Search continues for 3rd Brussels bombing suspect

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An arrest made during an overnight raid in Brussels was not the third bombing suspect wanted in the deadly terror attacks at the Brussels airport.

Authorities said Wednesday that Najim Laachraqoui remains at large. He is believed to have been the maker of the bomb used in the Paris terror attacks last year.

Belgian media had initially reported an arrest. That person has not yet been identified.

One of the suicide bombers, Ibrahim El Bakraoui, who blew himself up at the airport in twin suicide bombings, left behind a will on a computer found in a trash can in a Brussels neighborhood, according to Belgian Prosecutor Frederic Van Leeuw.

A raid of the neighborhood of Schaerbeek after the attacks also netted a note from El Bakraoui saying he felt increasingly unsafe and feared landing in prison.

The Islamic State group claimed responsibility Tuesday for three deadly explosions in Brussels that killed at least 34 people. Two explosions rocked the Brussels airport and another one at a city subway station during the morning rush.

Police believe that two men were suicide bombers at the airport and that a third attacker, Laachraoui, got away. Police raided an apartment after the attacks and found explosives and an ISIS flag.

Four Americans are missing including siblings Sascha Pinczowski and  Alexander Pinczowski from New York City.

Airport authorities said two explosions at the airport -- with at least one carried out by a suicide bomber--killed at least 11 people and wounded 81.


"What we feared has happened," Belgian Prime Minister Charles Michel told reporters. "In this time of tragedy, this black moment for our country, I appeal to everyone to remain calm but also to show solidarity."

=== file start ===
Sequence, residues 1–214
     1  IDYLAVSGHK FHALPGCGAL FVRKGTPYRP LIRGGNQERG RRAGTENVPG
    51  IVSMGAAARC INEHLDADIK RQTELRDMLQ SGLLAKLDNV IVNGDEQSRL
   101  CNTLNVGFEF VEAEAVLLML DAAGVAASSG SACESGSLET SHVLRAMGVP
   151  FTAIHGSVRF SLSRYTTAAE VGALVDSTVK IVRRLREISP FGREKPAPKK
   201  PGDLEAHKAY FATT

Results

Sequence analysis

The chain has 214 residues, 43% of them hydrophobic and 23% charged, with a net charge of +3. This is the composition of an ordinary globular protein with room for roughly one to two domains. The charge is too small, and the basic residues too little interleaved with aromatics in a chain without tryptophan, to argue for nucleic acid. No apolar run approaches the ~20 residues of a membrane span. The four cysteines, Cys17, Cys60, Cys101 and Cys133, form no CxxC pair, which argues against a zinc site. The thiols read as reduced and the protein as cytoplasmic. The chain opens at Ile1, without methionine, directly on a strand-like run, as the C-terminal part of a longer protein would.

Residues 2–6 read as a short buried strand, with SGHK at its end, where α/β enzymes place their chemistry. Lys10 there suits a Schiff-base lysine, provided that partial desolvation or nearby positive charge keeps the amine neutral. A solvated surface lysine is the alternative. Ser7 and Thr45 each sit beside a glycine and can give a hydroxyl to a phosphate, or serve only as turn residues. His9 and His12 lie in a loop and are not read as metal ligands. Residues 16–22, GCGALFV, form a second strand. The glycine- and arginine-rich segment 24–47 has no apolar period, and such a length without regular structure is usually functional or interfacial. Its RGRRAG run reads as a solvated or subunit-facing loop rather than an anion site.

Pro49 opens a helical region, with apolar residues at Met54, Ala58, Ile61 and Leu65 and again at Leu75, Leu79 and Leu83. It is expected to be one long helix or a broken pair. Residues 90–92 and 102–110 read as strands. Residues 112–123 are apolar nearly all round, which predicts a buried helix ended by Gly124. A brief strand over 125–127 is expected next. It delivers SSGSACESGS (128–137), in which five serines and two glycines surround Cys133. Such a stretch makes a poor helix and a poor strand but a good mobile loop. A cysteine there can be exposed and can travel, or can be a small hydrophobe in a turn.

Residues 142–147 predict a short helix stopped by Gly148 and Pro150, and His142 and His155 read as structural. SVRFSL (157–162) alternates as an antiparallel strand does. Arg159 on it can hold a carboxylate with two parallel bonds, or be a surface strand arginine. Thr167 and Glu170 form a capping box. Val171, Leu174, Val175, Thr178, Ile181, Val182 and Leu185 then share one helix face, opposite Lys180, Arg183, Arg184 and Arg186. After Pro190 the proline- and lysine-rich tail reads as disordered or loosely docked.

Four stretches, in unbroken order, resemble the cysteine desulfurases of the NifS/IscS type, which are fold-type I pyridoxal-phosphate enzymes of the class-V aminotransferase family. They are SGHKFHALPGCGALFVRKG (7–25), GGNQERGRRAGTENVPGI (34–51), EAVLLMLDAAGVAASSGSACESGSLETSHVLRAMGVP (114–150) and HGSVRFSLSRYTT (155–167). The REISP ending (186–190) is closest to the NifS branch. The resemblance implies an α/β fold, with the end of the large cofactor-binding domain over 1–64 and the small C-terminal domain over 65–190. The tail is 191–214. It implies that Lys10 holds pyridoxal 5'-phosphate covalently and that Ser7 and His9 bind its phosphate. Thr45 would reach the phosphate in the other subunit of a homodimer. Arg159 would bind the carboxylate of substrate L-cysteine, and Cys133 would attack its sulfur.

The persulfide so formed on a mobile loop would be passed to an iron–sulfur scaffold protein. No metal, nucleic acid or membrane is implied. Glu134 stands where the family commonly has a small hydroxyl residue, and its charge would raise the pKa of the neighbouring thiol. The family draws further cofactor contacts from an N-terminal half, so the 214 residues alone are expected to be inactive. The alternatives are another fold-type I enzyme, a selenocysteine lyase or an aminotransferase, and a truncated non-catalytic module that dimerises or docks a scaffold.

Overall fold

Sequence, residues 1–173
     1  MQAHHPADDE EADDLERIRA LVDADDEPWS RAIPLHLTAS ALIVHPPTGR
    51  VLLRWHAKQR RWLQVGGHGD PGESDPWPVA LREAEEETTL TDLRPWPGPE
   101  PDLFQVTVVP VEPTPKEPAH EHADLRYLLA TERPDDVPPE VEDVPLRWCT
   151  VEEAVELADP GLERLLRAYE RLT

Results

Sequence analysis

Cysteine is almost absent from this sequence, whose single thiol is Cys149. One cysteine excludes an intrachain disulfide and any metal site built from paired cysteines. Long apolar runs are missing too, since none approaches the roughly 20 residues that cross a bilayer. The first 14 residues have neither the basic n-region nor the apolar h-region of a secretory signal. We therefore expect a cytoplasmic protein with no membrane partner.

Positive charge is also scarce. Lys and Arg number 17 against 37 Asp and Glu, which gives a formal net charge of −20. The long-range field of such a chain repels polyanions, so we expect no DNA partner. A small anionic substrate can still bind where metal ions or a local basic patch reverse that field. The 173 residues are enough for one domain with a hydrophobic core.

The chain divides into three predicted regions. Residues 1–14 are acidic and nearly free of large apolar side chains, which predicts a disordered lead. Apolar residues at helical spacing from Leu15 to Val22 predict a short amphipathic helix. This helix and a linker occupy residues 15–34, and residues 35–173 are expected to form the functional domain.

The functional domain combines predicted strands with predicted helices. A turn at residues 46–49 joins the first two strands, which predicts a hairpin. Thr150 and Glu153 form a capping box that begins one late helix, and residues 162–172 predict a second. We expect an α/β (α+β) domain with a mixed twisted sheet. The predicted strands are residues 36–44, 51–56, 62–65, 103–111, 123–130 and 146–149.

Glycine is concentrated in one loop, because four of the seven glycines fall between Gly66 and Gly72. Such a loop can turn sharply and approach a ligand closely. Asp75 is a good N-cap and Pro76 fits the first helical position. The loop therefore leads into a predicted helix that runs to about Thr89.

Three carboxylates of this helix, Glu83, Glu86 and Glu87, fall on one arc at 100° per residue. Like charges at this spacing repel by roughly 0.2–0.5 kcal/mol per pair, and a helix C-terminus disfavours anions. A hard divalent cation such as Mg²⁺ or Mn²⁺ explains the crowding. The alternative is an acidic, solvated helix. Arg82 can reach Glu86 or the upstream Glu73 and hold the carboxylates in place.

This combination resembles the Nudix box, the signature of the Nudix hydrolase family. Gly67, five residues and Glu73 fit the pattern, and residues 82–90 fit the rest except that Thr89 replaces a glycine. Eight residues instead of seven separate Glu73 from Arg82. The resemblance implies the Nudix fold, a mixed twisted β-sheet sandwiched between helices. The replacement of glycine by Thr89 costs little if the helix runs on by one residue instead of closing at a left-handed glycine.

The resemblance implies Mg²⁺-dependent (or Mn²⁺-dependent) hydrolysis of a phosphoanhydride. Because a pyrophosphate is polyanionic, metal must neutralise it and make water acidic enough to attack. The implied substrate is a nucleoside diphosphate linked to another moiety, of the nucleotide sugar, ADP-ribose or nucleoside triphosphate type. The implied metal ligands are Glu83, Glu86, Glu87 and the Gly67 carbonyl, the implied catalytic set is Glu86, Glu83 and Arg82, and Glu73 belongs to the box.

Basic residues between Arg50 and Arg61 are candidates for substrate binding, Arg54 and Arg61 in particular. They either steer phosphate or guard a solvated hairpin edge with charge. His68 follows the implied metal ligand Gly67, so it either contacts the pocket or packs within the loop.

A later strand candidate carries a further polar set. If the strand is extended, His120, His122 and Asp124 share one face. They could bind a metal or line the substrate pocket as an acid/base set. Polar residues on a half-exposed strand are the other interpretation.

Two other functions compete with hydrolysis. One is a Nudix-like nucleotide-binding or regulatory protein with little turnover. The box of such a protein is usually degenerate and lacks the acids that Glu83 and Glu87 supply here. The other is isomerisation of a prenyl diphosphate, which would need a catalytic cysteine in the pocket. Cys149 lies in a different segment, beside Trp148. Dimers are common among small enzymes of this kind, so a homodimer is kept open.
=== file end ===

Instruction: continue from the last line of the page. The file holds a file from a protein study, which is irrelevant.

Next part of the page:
An hour later, shortly after 9 a.m. local time, an explosion struck Maelbeek metro station, south of the airport. The area is home to several European Union institutions.

At least 20 people were killed and 106 injured, according to the mayor of Brussels.

European officials have deemed the explosions terror attacks.


Belgium raised its terror alert to the highest level, diverting planes and trains and ordering people to stay where they were. Airports across Europe immediately tightened security.

The blasts came days after the arrest of the top suspect in last year's Paris attacks, Salah Abdeslam, in Brussels.

Officials have closed the border between Belgium and France.

A witness tells the Associated Press that the first attack at the airport occurred near a baggage security checkpoint. The second blast happened near a Starbucks.

French President Francois Hollande held an emergency meeting after the explosions with Prime Minister Manuel Valls, Defense Minister Jean-Yves Le Drian and Interior Minister Bernard Cazeneuve.

France remains in a state of emergency after the Nov. 13 attacks, which killed 130 people. Several attackers were also killed.

An Associated Press reporter saw several people with facial injuries following an explosion in a Brussels metro station near European Union headquarters. At least two people were seen being moved on stretchers

Alexandre Brans, 32, who was wiping blood from his face, said: "The metro was leaving Maelbeek station when there was a really loud explosion. It was panic everywhere. There were a lot of people in the metro."

A police official urged people to stay away from the airport.

Airport spokeswoman Anke Fransen said: "There were two blasts in the departure hall. First aid team are in place for help."

Passengers were led onto the tarmac and the crisis center urged people not to come to the airport.

With the Associated Press